Earlier today, the Charity Commission for England and Wales announced a statutory inquiry into Effective Ventures Foundation UK (EVF UK). We issued a short statement acknowledging the inquiry. As the recently appointed Interim CEO of EVF UK, I also wanted to say a bit more to the community.
As you might imagine, writing this post feels a bit tough for a bunch of reasons. It’s a sensitive topic, there are lots of complicated legal issues to consider, and it’s generally a bit weird to write publicly about an agency that’s in the middle of investigating you (it feels a little like talking about someone in the third person without acknowledging that they’re sitting at the dinner table right next to you). One thing I really want to do is avoid speaking for the Charity Commission, which makes me hesitant to speculate too much about why exactly they chose to begin this inquiry, etc.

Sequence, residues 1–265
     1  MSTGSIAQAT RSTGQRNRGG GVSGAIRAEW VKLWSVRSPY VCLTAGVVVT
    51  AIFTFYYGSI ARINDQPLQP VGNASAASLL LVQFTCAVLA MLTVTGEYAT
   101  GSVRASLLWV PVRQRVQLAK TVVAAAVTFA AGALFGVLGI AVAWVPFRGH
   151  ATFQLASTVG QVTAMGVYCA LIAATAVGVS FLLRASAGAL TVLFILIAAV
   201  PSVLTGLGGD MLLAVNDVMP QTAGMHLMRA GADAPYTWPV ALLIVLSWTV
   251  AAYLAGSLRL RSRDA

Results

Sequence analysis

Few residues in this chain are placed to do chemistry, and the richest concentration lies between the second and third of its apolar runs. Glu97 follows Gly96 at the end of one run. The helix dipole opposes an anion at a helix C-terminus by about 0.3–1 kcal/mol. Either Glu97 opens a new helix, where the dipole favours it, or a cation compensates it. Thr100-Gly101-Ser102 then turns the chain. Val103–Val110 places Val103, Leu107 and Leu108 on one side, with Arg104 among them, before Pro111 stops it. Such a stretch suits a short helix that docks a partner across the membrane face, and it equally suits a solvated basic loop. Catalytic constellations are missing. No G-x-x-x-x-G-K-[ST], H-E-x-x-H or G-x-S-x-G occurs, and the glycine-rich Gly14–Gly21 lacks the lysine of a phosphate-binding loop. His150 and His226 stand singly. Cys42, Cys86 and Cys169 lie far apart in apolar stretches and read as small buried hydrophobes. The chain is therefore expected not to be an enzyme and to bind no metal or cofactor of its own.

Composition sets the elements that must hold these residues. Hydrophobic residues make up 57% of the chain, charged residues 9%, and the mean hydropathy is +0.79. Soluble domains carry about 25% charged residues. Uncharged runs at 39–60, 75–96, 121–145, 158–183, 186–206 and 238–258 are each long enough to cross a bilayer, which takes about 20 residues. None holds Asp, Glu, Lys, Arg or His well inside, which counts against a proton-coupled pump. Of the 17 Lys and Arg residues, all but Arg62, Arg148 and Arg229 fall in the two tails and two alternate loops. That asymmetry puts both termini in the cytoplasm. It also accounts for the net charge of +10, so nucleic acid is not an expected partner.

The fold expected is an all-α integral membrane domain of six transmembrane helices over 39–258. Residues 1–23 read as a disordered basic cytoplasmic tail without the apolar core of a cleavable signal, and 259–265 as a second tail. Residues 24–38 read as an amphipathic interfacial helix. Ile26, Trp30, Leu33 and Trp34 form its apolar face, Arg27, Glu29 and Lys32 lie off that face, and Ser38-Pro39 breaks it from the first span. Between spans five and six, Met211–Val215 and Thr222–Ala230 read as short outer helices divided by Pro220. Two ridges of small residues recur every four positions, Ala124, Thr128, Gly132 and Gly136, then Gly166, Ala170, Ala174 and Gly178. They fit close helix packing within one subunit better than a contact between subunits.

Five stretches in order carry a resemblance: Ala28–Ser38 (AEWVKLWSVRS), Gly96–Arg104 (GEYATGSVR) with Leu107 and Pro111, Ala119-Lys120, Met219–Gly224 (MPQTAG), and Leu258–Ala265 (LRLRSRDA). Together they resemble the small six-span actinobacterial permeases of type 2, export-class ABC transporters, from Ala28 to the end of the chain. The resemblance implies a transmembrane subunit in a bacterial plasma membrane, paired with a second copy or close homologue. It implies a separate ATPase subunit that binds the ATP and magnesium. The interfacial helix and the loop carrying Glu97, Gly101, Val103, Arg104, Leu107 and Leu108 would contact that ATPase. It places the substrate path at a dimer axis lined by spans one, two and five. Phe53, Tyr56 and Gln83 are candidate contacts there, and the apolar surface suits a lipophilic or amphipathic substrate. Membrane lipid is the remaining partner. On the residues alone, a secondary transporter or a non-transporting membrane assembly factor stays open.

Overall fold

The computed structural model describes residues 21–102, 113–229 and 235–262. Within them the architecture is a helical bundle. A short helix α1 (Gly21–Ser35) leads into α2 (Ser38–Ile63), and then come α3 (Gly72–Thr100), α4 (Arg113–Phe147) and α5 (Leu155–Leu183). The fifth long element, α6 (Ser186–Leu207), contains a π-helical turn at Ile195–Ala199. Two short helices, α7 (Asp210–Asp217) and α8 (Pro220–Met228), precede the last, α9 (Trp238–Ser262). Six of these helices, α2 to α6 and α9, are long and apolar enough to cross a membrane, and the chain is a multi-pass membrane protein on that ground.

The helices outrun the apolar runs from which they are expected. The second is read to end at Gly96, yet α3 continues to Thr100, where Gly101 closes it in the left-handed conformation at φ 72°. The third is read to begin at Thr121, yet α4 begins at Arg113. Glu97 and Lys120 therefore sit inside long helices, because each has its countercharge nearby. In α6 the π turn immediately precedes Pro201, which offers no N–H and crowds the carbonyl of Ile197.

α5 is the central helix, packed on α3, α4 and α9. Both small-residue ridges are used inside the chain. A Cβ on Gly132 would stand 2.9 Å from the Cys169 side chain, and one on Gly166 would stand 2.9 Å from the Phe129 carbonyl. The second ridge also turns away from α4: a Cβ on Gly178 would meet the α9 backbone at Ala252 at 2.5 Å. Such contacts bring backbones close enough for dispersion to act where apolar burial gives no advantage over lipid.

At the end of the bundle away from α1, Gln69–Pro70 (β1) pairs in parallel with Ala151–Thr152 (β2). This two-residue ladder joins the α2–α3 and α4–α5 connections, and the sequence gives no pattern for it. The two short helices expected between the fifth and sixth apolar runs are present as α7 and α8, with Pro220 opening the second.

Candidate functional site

But I’m going to do my best to figure out what’s helpful to say here.
- Effective Ventures Foundation UK (EVF UK) is the UK charity which, together with Effective Ventures Foundation US (EVF US), acts as host and fiscal sponsor for a wide range of projects including CEA, 80,000 Hours, and others.
- Following the FTX collapse, the Charity Commission for England and Wales has opened an inquiry into EVF UK’s financial situation and its governance and administration by its trustees.